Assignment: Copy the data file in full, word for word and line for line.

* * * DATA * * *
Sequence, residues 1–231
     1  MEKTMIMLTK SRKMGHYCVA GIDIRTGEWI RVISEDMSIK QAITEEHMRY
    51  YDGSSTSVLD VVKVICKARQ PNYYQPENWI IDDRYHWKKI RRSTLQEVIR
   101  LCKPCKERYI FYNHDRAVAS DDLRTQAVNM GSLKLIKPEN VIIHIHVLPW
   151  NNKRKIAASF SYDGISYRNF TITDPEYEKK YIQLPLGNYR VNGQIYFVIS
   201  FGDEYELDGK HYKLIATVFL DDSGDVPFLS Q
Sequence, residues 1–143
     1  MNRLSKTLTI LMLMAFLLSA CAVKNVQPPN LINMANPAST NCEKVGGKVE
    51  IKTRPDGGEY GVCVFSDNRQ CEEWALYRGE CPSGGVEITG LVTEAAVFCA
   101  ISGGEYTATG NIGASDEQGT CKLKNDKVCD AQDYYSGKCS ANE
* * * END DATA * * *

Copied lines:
Sequence, residues 1–231
     1  MEKTMIMLTK SRKMGHYCVA GIDIRTGEWI RVISEDMSIK QAITEEHMRY
    51  YDGSSTSVLD VVKVICKARQ PNYYQPENWI IDDRYHWKKI RRSTLQEVIR
   101  LCKPCKERYI FYNHDRAVAS DDLRTQAVNM GSLKLIKPEN VIIHIHVLPW
   151  NNKRKIAASF SYDGISYRNF TITDPEYEKK YIQLPLGNYR VNGQIYFVIS
   201  FGDEYELDGK HYKLIATVFL DDSGDVPFLS Q
Sequence, residues 1–143
     1  MNRLSKTLTI LMLMAFLLSA CAVKNVQPPN LINMANPAST NCEKVGGKVE
    51  IKTRPDGGEY GVCVFSDNRQ CEEWALYRGE CPSGGVEITG LVTEAAVFCA
   101  ISGGEYTATG NIGASDEQGT CKLKNDKVCD AQDYYSGKCS ANE